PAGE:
New York, Aug 14: Researchers have found that ozone air pollution which is increasing with climate change can accelerate lung disease as much as that by smoking a pack of cigarettes a day.
"We were surprised to see how strong air pollution''s impact was on the progression of emphysema on lung scans, in the same league as the effects of cigarette smoking, which is by far the best-known cause of emphysema," said Joel Kaufman, Professor at the University of Washington.
If you live in areas with increased levels of ozone, researchers found an increase in emphysema roughly the equivalent of smoking a pack of cigarettes a day for 29 years.
The study, published in the journal JAMA, demonstrates an association between long-term exposure to major air pollutants - especially ozone - with an increase in emphysema seen on lung scans.
Emphysema is a condition in which destruction of lung tissue leads to wheezing, coughing and shortness of breath and increases the risk of death.
The results are based on an extensive, 18-year study involving more than 7,000 people and a detailed examination of the air pollution they encountered between 2000 and 2018 in six metropolitan regions across the US. The participants were drawn from the Multi-Ethnic Study of Atherosclerosis (MESA) Air and Lung studies.
"To our knowledge, this is the first longitudinal study to assess the association between long-term exposure to air pollutants and progression of percent emphysema in a large, community-based, multi-ethnic cohort," said Meng Wang, Assistant Professor at the University at Buffalo.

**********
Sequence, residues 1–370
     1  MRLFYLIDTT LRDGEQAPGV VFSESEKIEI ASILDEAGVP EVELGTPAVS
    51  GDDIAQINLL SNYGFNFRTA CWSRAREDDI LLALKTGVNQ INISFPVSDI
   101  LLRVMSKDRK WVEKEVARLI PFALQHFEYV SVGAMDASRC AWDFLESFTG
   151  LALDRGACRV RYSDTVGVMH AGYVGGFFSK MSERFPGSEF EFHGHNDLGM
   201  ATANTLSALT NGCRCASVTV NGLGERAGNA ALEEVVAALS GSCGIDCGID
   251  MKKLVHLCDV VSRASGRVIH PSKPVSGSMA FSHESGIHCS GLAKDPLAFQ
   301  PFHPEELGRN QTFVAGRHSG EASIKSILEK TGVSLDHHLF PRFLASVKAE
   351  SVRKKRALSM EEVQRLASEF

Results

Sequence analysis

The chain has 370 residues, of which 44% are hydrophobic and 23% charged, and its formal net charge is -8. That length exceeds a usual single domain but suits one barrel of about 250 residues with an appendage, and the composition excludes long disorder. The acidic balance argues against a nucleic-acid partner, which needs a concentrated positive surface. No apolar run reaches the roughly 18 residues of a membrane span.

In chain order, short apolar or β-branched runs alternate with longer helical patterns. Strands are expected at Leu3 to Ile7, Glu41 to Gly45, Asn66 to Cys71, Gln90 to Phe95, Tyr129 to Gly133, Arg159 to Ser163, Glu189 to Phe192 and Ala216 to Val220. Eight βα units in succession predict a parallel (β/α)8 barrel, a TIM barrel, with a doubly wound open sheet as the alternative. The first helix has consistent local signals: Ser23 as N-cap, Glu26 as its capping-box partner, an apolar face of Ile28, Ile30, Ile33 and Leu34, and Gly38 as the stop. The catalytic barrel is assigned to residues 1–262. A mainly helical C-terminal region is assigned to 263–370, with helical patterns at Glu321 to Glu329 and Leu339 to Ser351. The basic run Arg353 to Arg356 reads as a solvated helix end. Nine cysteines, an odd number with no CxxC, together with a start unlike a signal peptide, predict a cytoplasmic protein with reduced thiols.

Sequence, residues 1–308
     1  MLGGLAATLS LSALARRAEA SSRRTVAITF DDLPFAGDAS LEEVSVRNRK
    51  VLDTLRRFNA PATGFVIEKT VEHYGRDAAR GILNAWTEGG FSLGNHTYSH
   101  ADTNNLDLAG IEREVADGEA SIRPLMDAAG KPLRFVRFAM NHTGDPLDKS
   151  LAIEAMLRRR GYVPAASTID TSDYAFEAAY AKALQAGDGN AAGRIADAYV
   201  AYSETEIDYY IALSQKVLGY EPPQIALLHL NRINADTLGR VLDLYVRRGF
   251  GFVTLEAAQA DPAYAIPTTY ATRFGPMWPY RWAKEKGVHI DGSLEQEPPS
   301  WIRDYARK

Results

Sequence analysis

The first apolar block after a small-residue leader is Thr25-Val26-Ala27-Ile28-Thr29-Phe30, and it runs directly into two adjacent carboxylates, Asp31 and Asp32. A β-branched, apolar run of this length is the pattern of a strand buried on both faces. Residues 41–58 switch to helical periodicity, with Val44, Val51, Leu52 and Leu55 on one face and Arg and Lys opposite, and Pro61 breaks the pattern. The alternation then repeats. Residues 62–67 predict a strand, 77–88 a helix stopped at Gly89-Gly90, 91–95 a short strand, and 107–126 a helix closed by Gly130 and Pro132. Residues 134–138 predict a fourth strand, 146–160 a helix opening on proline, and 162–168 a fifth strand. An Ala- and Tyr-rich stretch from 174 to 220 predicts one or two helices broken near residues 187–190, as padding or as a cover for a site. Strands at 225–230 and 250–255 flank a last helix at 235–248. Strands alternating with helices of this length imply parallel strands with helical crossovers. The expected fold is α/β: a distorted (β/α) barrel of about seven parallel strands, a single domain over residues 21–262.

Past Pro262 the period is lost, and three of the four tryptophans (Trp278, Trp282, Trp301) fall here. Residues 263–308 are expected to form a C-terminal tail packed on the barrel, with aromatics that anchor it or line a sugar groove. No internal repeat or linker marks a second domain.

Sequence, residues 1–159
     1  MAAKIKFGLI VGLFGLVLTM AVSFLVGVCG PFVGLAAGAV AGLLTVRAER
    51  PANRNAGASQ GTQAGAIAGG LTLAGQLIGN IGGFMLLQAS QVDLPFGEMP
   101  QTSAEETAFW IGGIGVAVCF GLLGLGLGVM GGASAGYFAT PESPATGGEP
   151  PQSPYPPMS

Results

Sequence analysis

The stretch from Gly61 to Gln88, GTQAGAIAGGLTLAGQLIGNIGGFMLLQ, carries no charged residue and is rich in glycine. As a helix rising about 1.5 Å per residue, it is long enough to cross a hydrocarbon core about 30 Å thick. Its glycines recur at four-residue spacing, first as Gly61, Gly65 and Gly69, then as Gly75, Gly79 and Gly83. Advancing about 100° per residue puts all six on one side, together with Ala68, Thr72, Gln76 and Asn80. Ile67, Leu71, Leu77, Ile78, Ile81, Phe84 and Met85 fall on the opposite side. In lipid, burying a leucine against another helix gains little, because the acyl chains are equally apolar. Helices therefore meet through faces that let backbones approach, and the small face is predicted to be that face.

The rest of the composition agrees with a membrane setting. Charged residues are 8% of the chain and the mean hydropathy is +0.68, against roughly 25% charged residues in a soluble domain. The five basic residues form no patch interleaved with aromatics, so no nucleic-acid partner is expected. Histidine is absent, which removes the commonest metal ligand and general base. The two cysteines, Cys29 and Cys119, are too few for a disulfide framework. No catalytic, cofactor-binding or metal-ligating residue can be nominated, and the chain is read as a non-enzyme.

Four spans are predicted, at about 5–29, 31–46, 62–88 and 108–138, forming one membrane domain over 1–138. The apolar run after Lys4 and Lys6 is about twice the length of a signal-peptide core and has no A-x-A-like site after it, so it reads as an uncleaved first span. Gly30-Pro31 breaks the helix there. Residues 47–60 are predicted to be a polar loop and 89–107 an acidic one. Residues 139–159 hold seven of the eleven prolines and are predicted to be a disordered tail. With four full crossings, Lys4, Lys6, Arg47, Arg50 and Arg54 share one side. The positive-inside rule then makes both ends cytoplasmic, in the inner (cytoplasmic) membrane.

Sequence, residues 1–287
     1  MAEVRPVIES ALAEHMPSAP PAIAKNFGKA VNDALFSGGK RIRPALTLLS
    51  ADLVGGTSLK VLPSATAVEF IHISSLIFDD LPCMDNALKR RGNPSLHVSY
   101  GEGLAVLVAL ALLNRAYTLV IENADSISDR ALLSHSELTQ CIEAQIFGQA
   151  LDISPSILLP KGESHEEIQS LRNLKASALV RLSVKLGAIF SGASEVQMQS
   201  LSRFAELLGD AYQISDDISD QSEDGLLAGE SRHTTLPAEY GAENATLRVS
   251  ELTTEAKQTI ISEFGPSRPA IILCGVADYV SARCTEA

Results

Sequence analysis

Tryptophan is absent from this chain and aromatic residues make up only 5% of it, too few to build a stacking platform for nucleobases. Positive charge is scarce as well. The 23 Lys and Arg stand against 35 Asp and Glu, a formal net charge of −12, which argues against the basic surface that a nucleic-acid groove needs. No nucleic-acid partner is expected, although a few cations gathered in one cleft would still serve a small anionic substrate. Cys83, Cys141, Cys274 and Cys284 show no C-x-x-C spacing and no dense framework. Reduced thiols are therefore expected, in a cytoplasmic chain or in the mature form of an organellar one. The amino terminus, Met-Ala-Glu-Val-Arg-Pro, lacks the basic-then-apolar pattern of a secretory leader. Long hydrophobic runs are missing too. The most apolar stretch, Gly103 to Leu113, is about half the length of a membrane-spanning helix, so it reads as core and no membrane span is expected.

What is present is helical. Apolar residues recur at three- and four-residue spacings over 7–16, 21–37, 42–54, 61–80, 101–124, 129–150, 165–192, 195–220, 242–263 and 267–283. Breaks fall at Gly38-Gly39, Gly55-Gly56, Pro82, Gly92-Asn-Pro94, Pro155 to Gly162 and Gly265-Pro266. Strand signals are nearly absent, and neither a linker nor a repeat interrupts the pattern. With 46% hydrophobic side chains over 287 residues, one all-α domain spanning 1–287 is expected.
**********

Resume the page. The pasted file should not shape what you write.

While most of the airborne pollutants are in decline because of successful efforts to reduce them, ozone has been increasing, researchers said. Ground-level ozone is mostly produced when ultraviolet light reacts with pollutants from fossil fuels.
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Ranchi, Oct 18: Having lost nine successive tosses in Asia, an exasperated South Africa captain Faf du Plessis won't mind sending "someone else" in his place for the toss of the coin in the third and final Test against India, beginning here Saturday.
South Africa have struggled in Indian conditions and not winning the toss in the first two Tests has only made things tougher for them. Opting to bat in Visakhapatnam and Pune, India put up 500-plus totals to virtually bat the visitors out of the game.
"We really want to make sure that we compete with this team in their own conditions. We have done it in stages in the first Test. So, hoping that we can start with the toss tomorrow.
"Probably we will change... send someone else to the toss tomorrow. I can give you that... because my records so far has not been great," said du Plessis, in a lighter vein, on the eve of the game.
Du Plesiss said "anything is possible" if his side get to bat first.
"If you put big runs in the first innings, that's where it need to stop. Then anything from there is possible. Hopefully that will unfold in the next couple of days and hopefully we can put some runs on.
"The pitch looks a little bit drier and crustier so first innings runs will be vital and then anything from there is possible in the second innings," the South African skipper added.